Once when I was a kid, probably around five or six, I went to Wal-Mart with my mom. I was loitering in the toy department (where else was a kid my age supposed to go in Wal-Mart?) There I saw a super cool Fisher Price mega toy. It was the city one, with the bi-level parking and an elevator that could fit an entire toy car. You could turn a crank on the side and the elevator would rise to the top, the doors would open and the car would be pushed out and sent down a winding ramp to the bottom so you could do it all over again.
I wanted it so bad, but my mom was adamant. She tried to usher me out of the store, but I wouldn’t go unless I got that damn toy. She threatened to leave me. I still wouldn’t budge. She left. I became nervous. I was concerned she’d actually leave me at Wal-Mart (for a kid, that wasn’t really a horrible proposition.) Finally, I grabbed the huge toy and began walking to the front of the store. This sucker was big, and I was small, so it was a difficult task to lug the large box up to the front. Greatly encumbered, I walked past the cashiers and headed for the exit where I was stopped by a store employee.
“Excuse me,” she said. “Do you need help?”
I looked at her, frightened and hopeful at the same time.
“Can I have this?” I asked.
The employee looked at another workmate and smiled, but she turned back to me and explained that I had to pay for it. I couldn’t just take it.
“Okay,” I said.
I handed the box over to her and ran through the exit where my mom was waiting for me, slightly irritated, but amused nonetheless.
On that day I learned that nothing was free. I learned that money was necessary to get the cool things you wanted, and you had to work to get money. In essence I gained a marginal grasp on the concept of a market economy.
After listening and reading and watching more information about the plight of the families at the South Central Farm, I feel I have to come out on the side of Ralph Horowitz. The man legally owns the land. He can do whatever he desires with it.
The 14-acres that make up the urban garden has been in contention for well over a decade, with Horowitz and some other partners having initially owned the plot. Through imminent domain, the city of Los Angeles claimed the land in the 80’s planning to use it as a trash incinerator. That never came to fruition however, and the land was eventually leased to the Los Angeles Regional Foodbank after the 1992 Rodney King riots; the 14-acres were then shaped into the South Central Farm by various families who came in, most of them squatting on the land, and made the area into what it is today (or before yesterday I suppose.)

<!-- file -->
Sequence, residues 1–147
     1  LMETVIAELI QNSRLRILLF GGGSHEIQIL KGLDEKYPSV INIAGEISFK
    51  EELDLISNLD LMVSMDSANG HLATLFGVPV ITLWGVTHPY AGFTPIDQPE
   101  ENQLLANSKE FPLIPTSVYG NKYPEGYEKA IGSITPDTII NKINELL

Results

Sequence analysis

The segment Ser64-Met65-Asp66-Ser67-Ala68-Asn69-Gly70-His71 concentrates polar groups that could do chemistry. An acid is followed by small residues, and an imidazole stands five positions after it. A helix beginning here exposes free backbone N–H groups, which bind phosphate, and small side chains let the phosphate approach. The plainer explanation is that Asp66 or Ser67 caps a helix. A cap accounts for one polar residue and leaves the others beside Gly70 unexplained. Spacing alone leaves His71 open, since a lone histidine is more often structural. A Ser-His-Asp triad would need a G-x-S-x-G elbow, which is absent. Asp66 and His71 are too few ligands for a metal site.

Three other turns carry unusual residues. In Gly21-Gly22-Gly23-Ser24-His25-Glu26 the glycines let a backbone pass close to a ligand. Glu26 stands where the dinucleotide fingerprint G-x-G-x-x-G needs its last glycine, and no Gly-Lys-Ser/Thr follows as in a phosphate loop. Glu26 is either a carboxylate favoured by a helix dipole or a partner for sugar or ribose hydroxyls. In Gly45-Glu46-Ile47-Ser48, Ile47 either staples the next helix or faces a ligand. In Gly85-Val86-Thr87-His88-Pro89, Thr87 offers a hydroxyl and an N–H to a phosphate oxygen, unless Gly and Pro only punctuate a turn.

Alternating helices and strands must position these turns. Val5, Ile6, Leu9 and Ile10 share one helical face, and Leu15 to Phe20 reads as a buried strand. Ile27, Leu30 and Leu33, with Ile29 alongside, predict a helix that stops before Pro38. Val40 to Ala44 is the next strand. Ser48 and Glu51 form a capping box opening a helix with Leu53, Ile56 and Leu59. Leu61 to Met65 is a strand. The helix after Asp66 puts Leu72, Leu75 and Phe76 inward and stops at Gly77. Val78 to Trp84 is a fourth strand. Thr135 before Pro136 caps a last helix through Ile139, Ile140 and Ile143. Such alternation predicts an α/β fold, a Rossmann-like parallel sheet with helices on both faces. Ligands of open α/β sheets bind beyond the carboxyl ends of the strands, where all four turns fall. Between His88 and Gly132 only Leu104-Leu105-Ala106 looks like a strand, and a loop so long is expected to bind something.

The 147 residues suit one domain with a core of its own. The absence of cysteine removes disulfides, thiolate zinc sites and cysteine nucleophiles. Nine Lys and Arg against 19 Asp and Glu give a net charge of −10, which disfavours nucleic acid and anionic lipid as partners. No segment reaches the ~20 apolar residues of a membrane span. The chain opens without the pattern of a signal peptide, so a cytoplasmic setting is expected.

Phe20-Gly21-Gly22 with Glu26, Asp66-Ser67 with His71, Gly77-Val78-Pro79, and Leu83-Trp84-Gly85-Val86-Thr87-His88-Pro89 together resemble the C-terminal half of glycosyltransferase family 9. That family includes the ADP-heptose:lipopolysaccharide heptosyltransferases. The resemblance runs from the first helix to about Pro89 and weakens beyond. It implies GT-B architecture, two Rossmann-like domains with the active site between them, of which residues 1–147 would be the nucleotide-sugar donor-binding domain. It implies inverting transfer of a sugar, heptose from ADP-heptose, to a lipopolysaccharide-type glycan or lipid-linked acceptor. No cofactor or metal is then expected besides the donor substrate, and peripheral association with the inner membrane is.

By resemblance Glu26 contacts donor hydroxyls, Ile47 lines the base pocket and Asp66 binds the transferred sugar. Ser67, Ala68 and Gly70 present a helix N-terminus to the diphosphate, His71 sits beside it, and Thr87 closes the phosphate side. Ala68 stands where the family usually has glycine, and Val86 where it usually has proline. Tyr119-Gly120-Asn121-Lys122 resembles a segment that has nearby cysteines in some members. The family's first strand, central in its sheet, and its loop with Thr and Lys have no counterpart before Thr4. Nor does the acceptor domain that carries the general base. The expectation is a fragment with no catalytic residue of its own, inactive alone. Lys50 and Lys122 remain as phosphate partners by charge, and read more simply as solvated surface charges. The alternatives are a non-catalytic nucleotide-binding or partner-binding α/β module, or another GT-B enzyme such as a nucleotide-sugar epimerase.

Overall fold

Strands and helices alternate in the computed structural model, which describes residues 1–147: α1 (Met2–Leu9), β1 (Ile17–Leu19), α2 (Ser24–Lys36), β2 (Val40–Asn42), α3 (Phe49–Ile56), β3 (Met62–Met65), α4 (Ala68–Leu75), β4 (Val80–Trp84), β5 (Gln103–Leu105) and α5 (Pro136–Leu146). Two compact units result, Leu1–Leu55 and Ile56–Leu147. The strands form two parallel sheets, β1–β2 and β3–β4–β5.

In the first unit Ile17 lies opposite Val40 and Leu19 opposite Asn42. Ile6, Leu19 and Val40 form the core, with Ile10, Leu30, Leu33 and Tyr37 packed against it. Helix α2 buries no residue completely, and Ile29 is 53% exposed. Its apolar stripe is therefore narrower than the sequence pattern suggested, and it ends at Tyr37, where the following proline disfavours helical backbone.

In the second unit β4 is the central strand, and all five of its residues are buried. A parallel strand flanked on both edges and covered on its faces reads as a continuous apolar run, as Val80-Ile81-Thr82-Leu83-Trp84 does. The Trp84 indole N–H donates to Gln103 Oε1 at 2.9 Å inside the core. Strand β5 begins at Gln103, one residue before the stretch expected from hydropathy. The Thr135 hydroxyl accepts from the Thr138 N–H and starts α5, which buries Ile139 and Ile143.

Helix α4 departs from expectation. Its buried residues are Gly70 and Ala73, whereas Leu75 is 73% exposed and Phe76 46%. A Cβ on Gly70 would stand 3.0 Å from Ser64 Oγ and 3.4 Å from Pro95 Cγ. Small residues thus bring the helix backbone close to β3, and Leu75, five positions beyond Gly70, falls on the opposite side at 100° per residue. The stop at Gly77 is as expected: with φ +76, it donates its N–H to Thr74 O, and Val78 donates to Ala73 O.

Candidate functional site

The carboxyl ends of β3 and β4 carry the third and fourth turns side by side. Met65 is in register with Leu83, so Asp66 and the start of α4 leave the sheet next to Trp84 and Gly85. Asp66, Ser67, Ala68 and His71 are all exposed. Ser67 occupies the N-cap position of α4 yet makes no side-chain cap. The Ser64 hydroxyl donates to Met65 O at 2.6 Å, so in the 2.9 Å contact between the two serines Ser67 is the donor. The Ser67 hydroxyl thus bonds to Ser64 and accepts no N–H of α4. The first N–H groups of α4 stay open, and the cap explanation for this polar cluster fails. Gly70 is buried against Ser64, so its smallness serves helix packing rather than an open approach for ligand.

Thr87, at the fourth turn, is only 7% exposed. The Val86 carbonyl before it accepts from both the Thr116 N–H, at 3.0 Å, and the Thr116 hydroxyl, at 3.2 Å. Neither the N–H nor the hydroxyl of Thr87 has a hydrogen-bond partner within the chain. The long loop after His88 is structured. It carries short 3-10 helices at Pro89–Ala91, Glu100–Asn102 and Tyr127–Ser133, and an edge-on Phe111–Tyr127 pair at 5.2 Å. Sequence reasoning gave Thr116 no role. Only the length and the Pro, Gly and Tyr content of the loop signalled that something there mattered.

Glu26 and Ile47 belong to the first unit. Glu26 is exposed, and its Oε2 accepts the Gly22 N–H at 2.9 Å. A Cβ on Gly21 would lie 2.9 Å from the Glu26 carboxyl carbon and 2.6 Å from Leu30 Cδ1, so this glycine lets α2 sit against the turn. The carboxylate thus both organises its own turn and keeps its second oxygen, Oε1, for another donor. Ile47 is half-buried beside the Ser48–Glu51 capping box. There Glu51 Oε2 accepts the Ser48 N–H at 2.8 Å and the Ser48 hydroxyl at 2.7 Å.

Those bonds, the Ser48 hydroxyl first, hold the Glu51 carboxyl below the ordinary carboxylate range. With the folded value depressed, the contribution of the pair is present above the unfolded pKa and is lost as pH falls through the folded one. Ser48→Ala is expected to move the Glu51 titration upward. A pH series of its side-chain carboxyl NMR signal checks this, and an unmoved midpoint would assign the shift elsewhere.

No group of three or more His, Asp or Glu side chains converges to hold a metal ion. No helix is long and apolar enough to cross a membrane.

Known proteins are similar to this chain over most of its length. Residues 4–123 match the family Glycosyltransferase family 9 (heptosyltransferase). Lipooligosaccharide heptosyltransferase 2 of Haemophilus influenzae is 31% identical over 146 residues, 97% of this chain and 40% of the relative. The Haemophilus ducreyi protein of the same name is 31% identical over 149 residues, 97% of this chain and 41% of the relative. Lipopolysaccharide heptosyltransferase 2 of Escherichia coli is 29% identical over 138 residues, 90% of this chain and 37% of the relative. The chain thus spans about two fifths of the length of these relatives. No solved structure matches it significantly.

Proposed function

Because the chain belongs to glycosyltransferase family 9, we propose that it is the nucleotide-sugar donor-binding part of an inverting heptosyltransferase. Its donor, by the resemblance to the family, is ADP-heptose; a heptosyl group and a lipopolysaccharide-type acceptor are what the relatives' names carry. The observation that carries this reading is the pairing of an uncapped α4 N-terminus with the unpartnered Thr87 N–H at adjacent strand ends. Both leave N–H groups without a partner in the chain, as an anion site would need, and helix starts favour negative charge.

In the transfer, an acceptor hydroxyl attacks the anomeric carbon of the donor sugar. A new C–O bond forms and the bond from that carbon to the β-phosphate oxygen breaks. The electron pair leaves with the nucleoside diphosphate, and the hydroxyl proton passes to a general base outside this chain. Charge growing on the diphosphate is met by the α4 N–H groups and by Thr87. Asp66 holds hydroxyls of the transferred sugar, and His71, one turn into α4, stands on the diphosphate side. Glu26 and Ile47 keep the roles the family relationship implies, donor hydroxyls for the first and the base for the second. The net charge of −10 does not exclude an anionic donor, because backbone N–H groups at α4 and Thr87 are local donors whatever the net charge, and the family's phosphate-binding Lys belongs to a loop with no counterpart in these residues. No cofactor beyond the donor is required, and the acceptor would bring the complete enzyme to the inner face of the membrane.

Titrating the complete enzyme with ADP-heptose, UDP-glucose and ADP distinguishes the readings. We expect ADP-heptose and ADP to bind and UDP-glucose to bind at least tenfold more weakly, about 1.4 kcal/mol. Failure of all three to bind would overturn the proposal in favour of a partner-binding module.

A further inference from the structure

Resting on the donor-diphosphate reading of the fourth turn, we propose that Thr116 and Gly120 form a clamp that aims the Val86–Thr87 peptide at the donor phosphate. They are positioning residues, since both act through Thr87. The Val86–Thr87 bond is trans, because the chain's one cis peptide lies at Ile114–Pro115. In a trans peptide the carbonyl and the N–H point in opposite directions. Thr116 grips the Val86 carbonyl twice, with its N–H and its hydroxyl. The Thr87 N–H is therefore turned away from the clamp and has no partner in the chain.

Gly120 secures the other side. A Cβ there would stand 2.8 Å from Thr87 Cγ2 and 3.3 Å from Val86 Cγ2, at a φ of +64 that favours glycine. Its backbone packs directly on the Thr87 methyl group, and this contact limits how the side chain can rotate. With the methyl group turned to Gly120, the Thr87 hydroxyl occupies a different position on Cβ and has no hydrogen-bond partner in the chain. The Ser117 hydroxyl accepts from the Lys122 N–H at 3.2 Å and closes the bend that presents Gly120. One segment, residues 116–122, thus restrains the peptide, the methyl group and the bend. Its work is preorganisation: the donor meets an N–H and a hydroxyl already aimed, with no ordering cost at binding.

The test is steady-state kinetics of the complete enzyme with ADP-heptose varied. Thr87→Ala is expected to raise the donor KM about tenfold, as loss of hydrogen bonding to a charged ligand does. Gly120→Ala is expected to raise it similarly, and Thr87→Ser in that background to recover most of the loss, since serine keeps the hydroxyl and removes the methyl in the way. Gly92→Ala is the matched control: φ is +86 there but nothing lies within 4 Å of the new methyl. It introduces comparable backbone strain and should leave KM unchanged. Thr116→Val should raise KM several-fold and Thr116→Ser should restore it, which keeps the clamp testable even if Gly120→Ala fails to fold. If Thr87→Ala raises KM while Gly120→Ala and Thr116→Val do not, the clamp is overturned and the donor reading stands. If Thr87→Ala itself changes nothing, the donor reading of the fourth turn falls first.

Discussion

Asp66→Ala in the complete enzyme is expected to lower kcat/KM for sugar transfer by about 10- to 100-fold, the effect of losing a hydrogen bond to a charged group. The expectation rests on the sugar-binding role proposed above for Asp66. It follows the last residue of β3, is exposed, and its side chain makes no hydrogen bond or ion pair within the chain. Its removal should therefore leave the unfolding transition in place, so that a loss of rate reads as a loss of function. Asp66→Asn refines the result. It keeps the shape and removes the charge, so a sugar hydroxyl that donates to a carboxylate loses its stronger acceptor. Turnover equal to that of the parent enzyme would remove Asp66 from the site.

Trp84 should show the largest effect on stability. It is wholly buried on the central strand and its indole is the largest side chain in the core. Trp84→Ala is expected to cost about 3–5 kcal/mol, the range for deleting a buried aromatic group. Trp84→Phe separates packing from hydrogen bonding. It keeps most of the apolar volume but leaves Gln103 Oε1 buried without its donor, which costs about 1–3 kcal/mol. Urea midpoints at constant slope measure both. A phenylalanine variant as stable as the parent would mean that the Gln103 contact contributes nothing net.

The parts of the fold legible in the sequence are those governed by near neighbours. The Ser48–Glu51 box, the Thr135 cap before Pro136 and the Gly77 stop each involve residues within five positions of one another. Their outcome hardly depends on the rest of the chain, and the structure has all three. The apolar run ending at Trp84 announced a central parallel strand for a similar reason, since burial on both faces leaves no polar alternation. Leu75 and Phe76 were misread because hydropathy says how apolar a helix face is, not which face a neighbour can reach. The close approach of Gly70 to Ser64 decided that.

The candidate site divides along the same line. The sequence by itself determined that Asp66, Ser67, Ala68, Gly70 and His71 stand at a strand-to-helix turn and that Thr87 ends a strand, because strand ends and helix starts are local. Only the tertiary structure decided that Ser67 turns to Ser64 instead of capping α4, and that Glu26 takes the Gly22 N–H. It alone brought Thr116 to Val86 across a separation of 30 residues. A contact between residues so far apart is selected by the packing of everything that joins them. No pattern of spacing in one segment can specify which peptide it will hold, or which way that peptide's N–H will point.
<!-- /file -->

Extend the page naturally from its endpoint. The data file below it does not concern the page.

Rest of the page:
Finally, the land was sold back to Ralph Horowitz in 2003, at which time he alerted the people living on and using the farm that they had three years in which to either raise enough money to buy the plot from him, or leave the farm so he could do with it as he pleased. In my opinion, three years is more than ample warning for a group of people who were paying no rent to Horowitz.
In fact, during the time that Horowitz bought the urban garden back from the city, he’s still had to pay over $25,000 each and every month for mortgage and other land costs over those three years.
Here’s a bit from a news story and land owner Ralph Horowitz
“We’ve made, in the last three years, enough of a donation to those farmers,” he said. “I just want my land back.”
I think that’s fair, especially considering its legally his land.
“The gardeners don’t make the rules. They don’t violate court orders at their will, promise to get off the land and not get off, demand that they be given the land for free. There’s an end to this type of thing,” he said.